Although it’s easy to get caught up in the arms race, a defense that collapsed for a multitude of reasons to 26th in Football Outsiders’ DVOA metric last season is buzzing at Pats OTAs. 

We are too early in the process to predict how good the Pats’ defense will be this season, but a turnaround on that side of the ball is coming.

As we look ahead a bit, please subscribe to our YouTube channel for more Patriots OTA coverage from Foxboro, my Patriots Beat Podcast with Alex Barth, and more daily content. 

Without further ado, let’s answer some of your mailbag questions: 

Sticking with the linebacker theme, it seems like Terez Hall, Raekwon McMillan, and Harvey Langi are competing for a roster spot, assuming that fifth-round pick Cameron McGrone will spend the season on IR. If more than one of those three pop in camp, or McGrone makes a speedy recovery, then things could get interesting for either Ja’Whaun Bentley or Anfernee Jennings. Bentley might have some trade value for Pats-like schemes such as Miami if his former position coach, Brian Flores, thinks there’s a role for him as an early-down linebacker. I’m not saying the Pats will get much back, but maybe a swap of players on the bubble or a day-three pick could come back to New England for Bentley or Jennings if they’re on the outside looking in with the new additions. 

Jakobi Meyers was one of the least-hyped players last summer because of injury, and it feels like he’s one of the least-hyped players again this spring. Meyers made one of the catches of the day coming over the middle on a dig route from Jarrett Stidham last week, and even with the additions of Nelson Agholor and Kendrick Bourne, he is squarely in the mix. I see the same player with Meyers who broke out in the second half of last year, and still think he’ll be a factor.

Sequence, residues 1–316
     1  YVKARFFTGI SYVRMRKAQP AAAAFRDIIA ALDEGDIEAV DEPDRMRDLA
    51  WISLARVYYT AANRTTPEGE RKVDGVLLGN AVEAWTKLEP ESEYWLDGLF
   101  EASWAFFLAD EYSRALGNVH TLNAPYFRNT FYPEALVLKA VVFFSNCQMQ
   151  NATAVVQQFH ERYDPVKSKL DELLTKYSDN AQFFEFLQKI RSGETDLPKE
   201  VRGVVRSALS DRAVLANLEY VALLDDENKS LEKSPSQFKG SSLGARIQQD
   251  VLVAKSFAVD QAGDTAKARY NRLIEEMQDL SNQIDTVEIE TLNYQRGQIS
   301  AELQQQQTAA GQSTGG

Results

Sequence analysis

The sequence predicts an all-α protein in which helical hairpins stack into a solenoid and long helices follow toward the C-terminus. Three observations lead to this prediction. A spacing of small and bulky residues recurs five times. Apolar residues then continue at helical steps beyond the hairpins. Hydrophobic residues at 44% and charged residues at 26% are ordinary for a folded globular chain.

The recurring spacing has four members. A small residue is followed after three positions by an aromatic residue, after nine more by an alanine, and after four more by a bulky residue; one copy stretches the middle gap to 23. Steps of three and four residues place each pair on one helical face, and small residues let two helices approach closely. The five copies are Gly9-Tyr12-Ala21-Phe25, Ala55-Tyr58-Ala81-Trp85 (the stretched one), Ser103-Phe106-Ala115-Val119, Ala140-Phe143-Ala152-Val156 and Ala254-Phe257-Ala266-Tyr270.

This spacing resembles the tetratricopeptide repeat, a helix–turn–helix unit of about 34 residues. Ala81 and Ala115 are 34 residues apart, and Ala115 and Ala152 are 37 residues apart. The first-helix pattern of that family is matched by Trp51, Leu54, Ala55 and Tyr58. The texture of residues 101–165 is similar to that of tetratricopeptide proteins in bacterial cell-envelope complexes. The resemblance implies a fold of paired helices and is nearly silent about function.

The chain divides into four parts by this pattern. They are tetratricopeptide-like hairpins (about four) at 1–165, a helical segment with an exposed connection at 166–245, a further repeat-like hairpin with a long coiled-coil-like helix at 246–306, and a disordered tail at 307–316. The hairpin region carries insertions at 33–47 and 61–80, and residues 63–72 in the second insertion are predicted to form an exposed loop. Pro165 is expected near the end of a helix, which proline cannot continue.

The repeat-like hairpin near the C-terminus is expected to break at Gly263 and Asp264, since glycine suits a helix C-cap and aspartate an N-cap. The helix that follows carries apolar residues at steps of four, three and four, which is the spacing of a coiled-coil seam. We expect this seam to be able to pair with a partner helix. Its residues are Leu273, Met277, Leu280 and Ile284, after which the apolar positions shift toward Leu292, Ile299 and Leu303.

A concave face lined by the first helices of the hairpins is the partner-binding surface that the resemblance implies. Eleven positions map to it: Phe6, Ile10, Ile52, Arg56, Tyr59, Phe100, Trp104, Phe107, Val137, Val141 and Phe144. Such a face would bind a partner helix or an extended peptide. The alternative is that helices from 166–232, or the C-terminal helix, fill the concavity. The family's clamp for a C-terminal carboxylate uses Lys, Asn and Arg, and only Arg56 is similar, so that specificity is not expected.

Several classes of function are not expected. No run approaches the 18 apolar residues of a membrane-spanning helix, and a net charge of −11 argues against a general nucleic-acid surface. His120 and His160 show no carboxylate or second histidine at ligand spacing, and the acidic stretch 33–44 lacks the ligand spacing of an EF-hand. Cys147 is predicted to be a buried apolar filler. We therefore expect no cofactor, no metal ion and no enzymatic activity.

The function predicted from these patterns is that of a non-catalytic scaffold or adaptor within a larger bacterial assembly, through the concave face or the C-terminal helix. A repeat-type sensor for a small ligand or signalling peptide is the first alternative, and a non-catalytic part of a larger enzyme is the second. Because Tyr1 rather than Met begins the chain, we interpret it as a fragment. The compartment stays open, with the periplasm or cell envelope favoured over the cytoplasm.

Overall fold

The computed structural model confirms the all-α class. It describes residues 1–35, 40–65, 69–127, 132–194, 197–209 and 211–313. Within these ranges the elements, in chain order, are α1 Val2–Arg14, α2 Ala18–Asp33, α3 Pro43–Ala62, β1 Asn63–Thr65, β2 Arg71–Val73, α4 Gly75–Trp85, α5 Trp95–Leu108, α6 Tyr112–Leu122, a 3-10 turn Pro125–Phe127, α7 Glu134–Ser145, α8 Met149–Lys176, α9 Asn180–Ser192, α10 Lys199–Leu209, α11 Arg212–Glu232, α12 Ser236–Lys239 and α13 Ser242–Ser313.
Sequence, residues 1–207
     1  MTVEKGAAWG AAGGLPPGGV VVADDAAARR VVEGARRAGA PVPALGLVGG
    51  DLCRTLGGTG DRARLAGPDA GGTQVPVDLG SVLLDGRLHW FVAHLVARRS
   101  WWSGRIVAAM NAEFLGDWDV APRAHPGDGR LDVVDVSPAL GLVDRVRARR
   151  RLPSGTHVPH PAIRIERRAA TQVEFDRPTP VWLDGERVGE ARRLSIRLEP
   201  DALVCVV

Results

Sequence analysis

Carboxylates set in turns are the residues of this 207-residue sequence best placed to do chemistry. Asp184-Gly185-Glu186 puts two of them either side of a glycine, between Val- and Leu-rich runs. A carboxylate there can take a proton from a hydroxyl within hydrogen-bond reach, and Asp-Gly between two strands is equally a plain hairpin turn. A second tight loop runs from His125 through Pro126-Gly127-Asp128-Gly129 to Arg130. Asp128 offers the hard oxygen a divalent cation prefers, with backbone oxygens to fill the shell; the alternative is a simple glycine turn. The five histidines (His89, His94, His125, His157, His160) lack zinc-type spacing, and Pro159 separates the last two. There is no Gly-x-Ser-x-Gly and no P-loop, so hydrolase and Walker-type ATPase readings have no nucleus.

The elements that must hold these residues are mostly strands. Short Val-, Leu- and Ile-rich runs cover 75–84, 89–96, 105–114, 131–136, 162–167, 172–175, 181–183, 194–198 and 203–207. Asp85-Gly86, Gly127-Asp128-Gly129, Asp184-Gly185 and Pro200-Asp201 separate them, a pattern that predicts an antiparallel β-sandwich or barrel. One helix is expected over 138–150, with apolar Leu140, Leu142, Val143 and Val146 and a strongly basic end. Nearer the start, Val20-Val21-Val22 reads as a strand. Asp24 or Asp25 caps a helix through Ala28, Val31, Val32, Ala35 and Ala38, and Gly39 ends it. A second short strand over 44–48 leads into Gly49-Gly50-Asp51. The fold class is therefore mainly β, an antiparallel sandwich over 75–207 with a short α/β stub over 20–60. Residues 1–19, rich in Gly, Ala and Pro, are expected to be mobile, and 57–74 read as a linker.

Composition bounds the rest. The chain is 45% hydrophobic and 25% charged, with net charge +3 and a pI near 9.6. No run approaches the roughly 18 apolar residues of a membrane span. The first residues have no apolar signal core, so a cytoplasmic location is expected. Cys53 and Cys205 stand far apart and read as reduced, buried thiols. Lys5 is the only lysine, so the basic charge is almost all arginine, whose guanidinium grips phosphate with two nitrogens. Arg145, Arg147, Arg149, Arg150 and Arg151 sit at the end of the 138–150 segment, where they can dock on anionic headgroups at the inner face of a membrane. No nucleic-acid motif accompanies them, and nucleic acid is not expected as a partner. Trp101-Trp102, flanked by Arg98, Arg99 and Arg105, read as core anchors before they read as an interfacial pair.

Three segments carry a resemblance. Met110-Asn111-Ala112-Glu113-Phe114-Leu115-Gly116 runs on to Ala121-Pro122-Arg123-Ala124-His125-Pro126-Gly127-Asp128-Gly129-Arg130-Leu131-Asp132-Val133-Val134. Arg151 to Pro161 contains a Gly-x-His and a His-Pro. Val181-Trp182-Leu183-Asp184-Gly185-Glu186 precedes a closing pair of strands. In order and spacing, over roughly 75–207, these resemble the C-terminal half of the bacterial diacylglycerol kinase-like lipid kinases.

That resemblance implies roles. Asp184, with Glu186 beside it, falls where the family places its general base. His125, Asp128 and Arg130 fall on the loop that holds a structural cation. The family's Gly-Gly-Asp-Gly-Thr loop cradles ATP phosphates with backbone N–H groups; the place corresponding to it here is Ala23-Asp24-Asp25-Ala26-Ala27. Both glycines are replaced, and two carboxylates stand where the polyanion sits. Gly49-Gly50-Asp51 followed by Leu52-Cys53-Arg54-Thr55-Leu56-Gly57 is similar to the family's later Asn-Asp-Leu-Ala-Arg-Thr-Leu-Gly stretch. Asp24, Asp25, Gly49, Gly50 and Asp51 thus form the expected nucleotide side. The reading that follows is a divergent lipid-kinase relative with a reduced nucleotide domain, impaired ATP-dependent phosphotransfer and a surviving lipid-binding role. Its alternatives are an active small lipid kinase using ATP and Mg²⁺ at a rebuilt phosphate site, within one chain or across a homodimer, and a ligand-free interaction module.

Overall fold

It’s not a major surprise, but viewing practice without Stephon Gilmore and J.C. Jackson put into perspective how thin the Patriots are at outside corner behind their starters. Any team would be light down two starters at a position, but given their contract situations, the Pats are staring at a reality where either Joejuan Williams or Michael Jackson would need to play significant snaps. The entire offseason would be a waste if they deal one of those two and force themselves to put lesser talent on the field. Shades of 2009-2011. 

The only scenario where I could envision Stidham starting games is if Cam is hurt and Jones isn’t ready. The Pats could then use a few Stidham starts to hopefully increase his trade value while allowing Mac time to develop instead of throwing him into the deep end of the pool. If we are talking Stidham winning the job out of camp with no outside factors, I doubt it. He’s had his flashes in his first two seasons in camp or preseason games but never strings it together consistently, which was his problem in college as well. He’ll have a career as a solid backup, and there’s nothing wrong with that for a fourth-round pick. 

My heart wants to say Nixon, but the answer is Isaiah Zuber. Zuber made a nice diving grab on an in-breaker at last week’s open practice and has impressive speed. I could see a role for him in specific packages offensively where he’s featured on motion sweeps and as a kicker returner. Zuber’s ability to play on special teams gives him the roster value to make it as a sixth receiver, assuming Harry is on the roster as well.